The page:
Pentagon’s ‘Willingness to Kiss the President’s Ass’ Worries Top Lawmaker

House Armed Services Committee chairman Rep. Adam Smith, D-Wash., speaks as Defense Secretary Mark Esper and Joint Chiefs of Staff Chairman Gen. Mark Milley, appear before a House Armed Services Committee hearing on Capitol Hill, Wednesday, Feb. 26, 2020.

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House Armed Services Committee chairman Rep. Adam Smith, D-Wash., speaks as Defense Secretary Mark Esper and Joint Chiefs of Staff Chairman Gen. Mark Milley, appear before a House Armed Services Committee hearing on Capitol Hill, Wednesday, Feb. 26, 2020.

‘I am worried about a culture developing,’ says House Armed Services Committee Chairman Adam Smith, D-Wash., after the latest delay in Navy captain’s fate.

Senior defense officials are making decisions based out of fear they will upset President Donald Trump, exposing a growing culture problem at the Department of Defense, a top Democratic lawmaker and others allege. 

The charge comes as a senior Trump administration official at the Pentagon on Wednesday sent back the Navy’s recommendation on the fate of Capt. Brett Crozier, demanding a deeper investigation into his dismissal from command of the coronavirus-stricken USS Theodore Roosevelt.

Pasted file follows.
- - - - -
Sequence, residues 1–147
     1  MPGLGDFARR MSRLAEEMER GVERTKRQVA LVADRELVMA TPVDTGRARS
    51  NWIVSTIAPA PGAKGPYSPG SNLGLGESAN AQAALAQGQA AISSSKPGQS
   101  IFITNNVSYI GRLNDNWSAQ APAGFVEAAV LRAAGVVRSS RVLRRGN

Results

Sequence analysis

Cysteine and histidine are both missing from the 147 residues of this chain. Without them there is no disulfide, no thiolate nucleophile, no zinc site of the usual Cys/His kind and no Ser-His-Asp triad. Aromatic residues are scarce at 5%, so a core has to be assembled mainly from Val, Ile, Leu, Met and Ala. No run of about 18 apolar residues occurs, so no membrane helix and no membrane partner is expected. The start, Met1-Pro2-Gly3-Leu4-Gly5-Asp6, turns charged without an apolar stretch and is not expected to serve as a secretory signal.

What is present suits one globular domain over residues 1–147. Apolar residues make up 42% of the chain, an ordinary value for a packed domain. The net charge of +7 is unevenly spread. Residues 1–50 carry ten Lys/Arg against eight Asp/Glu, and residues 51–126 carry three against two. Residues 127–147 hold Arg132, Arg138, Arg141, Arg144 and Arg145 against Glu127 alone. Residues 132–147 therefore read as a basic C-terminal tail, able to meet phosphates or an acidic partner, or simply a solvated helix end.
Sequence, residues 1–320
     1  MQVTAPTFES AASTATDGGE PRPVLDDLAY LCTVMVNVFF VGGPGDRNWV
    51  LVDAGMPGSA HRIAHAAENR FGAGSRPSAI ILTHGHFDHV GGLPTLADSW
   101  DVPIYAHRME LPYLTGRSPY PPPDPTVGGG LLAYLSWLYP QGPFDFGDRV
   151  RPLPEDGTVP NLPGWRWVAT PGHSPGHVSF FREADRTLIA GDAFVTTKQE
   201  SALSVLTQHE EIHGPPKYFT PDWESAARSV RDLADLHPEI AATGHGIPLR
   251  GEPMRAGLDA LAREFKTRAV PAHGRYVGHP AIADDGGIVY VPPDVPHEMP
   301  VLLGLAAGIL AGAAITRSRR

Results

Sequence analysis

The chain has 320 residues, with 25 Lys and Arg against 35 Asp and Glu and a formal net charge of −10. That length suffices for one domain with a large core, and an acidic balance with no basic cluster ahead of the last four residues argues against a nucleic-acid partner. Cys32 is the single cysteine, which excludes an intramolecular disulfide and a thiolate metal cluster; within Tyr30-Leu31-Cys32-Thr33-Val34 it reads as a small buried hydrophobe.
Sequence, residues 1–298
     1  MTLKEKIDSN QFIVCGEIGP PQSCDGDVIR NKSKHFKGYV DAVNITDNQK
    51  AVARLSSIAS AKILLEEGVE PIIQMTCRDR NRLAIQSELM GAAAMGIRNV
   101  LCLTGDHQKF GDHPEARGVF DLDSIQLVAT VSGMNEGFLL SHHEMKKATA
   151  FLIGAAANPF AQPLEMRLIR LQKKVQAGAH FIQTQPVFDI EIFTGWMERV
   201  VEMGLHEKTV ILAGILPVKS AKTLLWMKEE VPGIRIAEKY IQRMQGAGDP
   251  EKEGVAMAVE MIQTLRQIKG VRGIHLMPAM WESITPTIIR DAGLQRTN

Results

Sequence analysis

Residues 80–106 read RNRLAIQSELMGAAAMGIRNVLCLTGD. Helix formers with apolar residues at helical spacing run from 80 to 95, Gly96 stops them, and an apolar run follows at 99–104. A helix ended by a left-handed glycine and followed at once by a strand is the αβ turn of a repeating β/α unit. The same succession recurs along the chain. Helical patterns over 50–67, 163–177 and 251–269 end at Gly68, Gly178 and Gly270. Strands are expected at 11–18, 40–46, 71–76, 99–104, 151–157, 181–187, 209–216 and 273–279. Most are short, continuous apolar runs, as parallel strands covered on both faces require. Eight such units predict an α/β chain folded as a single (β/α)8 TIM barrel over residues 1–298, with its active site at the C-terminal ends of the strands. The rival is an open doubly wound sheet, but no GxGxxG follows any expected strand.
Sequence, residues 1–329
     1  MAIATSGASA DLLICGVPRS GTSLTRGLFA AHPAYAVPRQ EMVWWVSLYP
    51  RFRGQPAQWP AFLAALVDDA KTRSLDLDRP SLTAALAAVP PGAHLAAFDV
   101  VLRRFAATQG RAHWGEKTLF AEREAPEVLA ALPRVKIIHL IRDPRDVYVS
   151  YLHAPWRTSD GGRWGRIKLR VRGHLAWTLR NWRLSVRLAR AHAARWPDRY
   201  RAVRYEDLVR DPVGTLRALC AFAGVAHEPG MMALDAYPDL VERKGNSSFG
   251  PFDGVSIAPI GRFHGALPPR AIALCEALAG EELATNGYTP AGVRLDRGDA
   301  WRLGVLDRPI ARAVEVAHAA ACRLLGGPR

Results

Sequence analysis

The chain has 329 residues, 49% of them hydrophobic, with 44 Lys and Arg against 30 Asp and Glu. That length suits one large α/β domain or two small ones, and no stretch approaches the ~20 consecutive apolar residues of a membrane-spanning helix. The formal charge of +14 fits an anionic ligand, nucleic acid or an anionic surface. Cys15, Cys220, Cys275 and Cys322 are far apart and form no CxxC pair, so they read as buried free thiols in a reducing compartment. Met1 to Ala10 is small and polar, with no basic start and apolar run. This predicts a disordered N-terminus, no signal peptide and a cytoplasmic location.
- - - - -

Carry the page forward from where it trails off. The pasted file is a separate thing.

The problem, critics say, is not that Trump is interfering in the chain of command — exerting what’s known as “undue command influence” on decisions that are meant to be adjudicated within a strict military hierarchy — but that military officials are acting based out of fear that he will.

“The president has made it clear as far as he is concerned the single most important attribute that anybody in the federal government can have is a willingness to kiss the president’s ass as often as possible,” Rep. Adam Smith, D-Wash., chairman of the House Armed Services Committee told reporters Wednesday morning. The notion that defense officials may act based on a desire to please the president “undermines your ability to be competent, to make decisions based on what is the right thing to do as opposed to what is going to feed the president’s limitless ego,” he said. 

Smith emphasized that he has no reason to believe that Trump has directly interfered in Crozier’s case. 

“I am worried about something that’s worse than that — that would be an isolated example,” Smith said. “I am worried about a culture developing along the lines of what I’ve just described.”

A former defense official who served during the Trump administration and spoke to Defense One on the condition of anonymity described the dynamic as “really dangerous.”